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Swatson Out, Other Independent Candidates Remain On November Ballot — At Least For Now

Provided by the Quincy Kofi Swatson Campaign
A local judge removed Quincy Swatson from the November ballot this week.

Allegheny County Common Pleas Judge Joseph James removed one independent City Council candidate from the ballot this week, and he let a handful of others stay. But more upheaval may be in store for an already chaotic off-year municipal election. 

Candidate Quincy Swatson is out, again, in the race for the Pittsburgh City Council District 1 seat currently held by Darlene Harris. Swatson and another candidate, Chris Rosselot, both withdrew from the Democratic primary this past spring after challenges were filed to the nominating petitions they submitted.

That freed both men to mount campaigns as independents in November against Bobby Wilson, who went on beat Harris in the primary. But Swatson was removed by Judge Joseph James this time around because, the judge found, Swatson had not filed a financial-interest statement with the city clerk’s office, as he was required to do by an August deadline.

Swatson apparently filed his statement with the city controller’s office by mistake, and it didn’t get forwarded to the city clerk by the deadline. Even so, when WESA checked with the city clerk’s office at the time of the filing deadline, Swatson’s initial financial statement – the one filed in March – was still on file. But attorney Chuck Pascal successfully argued on Tuesday that when Swatson withdrew from the primary, all his paperwork became void.

While the original filing might be visible in the clerk’s office, Pascal said, “Legally, it doesn’t exist.”

Swatson said the law only requires a statement of financial interest to be filed with the clerk, and that he had met that burden. “We didn’t agree with, or really understand, the judge’s ruling,” he said. “So we’re looking at appeal options.”

For now, at least, Rosselot and Wilson will appear on the ballot in District 1, alongside Socialist Workers Party candidate Malcolm Jarrett.

The picture is little changed in County Council District 9, the largely black East End district where three candidates are seeking to challenge incumbent Ricky Burgess. (A fourth candidate, Prince Matthews, withdrew). But the remaining candidates have been locked in a dispute about who gets to be labeled as the “independent” on the November ballot.

Only one candidate can run under a given party name, and Randall Taylor was the first to file nomination papers listing himself as the “independent” in the race, When two other candidates, DeNeice Welch and Barbara Daniels, sought to file their own papers with the county, elections department workers told them the “independent” label was taken, so they’d have to write in a new one. Taylor argued that the petitions should be thrown out because the law doesn’t permit candidates to change petitions after they’re signed.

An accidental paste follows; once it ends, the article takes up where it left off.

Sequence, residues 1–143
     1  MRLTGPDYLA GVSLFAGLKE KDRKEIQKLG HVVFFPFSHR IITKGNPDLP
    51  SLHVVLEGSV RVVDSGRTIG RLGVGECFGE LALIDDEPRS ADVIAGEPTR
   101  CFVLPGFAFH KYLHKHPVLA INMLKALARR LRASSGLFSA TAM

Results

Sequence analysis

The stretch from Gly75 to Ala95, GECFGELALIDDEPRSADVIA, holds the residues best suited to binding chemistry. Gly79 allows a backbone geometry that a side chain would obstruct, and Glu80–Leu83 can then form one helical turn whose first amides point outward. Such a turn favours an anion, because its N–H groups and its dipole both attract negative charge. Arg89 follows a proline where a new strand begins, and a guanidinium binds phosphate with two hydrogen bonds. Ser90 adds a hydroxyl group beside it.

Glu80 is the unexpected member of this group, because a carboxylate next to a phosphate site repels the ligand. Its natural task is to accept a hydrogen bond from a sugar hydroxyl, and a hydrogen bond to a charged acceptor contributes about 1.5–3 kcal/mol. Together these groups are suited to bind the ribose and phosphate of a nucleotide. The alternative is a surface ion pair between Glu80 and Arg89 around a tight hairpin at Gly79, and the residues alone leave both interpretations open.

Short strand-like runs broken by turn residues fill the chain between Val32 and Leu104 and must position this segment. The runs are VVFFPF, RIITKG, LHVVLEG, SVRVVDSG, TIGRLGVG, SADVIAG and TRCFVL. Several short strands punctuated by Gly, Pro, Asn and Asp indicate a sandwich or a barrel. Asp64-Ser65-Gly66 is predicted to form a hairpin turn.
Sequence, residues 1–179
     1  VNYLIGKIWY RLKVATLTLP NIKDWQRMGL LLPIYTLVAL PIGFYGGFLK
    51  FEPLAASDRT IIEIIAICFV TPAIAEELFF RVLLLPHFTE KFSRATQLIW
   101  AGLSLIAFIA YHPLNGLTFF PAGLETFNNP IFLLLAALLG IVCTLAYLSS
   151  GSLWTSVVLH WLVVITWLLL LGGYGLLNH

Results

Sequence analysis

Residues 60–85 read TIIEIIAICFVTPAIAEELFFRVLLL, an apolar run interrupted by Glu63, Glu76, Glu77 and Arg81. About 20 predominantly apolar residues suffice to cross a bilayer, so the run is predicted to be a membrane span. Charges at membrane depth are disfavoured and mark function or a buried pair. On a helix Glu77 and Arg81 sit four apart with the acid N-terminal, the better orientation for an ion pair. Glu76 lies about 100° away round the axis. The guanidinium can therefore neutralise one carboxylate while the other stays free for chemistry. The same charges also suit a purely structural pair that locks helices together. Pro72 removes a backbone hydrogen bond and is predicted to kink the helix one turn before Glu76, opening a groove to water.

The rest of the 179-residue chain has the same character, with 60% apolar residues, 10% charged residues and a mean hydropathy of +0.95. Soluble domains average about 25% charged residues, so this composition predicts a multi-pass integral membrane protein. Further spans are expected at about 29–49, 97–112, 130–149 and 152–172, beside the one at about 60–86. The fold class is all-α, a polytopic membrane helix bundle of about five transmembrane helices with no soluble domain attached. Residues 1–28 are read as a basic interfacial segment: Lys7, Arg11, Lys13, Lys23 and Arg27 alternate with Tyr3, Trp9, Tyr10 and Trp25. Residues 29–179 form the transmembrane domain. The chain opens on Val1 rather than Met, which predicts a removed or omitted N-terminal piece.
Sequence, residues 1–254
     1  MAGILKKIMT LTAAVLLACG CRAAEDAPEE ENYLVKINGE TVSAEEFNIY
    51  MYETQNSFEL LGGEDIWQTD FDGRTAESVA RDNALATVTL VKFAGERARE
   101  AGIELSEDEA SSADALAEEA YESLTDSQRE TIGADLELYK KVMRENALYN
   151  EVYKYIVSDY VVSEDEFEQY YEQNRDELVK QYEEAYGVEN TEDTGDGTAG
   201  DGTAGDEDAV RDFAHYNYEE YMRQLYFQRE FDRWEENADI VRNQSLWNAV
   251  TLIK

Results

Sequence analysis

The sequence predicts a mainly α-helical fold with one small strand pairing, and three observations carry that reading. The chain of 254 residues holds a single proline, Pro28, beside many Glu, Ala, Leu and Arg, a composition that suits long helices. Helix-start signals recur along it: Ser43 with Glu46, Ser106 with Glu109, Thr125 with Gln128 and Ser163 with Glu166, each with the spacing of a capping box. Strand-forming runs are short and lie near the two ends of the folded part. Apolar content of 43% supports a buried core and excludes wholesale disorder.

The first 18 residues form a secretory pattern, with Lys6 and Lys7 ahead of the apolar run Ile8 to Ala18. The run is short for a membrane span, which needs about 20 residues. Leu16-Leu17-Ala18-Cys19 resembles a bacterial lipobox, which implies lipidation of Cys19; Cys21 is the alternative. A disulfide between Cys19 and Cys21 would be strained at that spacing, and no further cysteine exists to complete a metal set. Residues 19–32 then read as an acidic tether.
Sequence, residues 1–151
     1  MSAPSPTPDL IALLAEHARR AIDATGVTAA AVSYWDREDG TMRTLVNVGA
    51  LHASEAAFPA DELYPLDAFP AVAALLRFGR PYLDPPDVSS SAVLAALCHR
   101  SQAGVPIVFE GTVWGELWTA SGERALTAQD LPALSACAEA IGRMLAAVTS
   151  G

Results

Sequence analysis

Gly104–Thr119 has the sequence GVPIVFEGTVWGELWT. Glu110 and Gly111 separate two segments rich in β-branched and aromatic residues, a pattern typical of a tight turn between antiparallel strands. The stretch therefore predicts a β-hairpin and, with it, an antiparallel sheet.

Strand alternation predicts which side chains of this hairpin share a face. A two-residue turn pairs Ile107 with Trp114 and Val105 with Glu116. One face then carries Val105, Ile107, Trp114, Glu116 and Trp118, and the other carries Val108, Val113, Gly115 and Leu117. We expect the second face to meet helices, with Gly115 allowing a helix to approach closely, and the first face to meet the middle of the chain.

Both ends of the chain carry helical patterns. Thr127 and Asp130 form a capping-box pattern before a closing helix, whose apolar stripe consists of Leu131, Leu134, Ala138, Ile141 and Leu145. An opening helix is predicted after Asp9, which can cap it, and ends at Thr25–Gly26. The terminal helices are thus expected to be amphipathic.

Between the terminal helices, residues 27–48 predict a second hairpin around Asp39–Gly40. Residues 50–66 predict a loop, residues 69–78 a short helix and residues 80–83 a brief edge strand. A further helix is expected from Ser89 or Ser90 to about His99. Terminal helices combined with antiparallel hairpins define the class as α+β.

James threw out those objections on Tuesday. Dave Voye, who manages the county elections office, said the decision upheld a longstanding practice by department workers. “I’ve never seen this kind of challenge before,” he said.

But it may not be over: Pascal, who represented an ally of Taylor’s who’d challenged Daniels and Welch, said Tuesday he would appeal James’ decision in both cases. That news upset Daniels.

“This just proves Randall is running for selfish motives, not for the community,” she said. “He can do whatever he wants, but if it’s God will for me to be in the race, there is nothing he or anyone else can do.”

Meanwhile, in a separate case, a district voter sought to strip the “independent” label from Taylor himself, arguing that when he first filed petitions – the filing that locked up the “independent” label for Taylor’s use alone – he didn’t have the 100 valid signatures he needed from district voters. Attorney Joe Perrotti noted that on one page alone, several voters identified themselves as being from Clairton, not Pittsburgh.

Perotti acknowledged that Taylor submitted a second batch of petitions before deadline the next day, which gave him enough signatures to earn a spot of the ballot. 

But by then, he said, Welch had filed her own petitions under the “independent” label … and she should get to keep it.

“Timing is critical,” he said.

Ordinarily, county election workers do a “facial review” of petitions that are turned in, a cursory examination that verifies whether signature lines are filled out properly. More rigorous examination – to ensure voter names and addresses match voting records, for example – is usually undertaken by rival campaigns.

But in this case, the initial review was the basis for assigning the “independent” label to one of three candidates who sought to use it. And Voye told James that an obvious mistakes like listing Clairton as a voter address “should probably have been checked at the counter.” If enough signatures didn’t appear to qualify, he said, “they would have been handed back.”

Still, when Perotti said Taylor had filed improper petitions in an effort to “subvert” other candidates, James scoffed, “That’s a stretch.” He decided to leave Taylor on the ballot as the “independent” in the race.

Perotti said he wasn’t sure if he would contest James’ ruling. Such appeals must be filed by Monday, and would be heard in Commonwealth Court.